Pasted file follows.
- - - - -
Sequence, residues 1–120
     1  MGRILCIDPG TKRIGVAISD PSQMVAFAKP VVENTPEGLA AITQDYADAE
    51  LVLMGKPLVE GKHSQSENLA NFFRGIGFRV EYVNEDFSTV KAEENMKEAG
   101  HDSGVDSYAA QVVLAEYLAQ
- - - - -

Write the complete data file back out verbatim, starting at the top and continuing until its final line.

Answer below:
Sequence, residues 1–120
     1  MGRILCIDPG TKRIGVAISD PSQMVAFAKP VVENTPEGLA AITQDYADAE
    51  LVLMGKPLVE GKHSQSENLA NFFRGIGFRV EYVNEDFSTV KAEENMKEAG
   101  HDSGVDSYAA QVVLAEYLAQ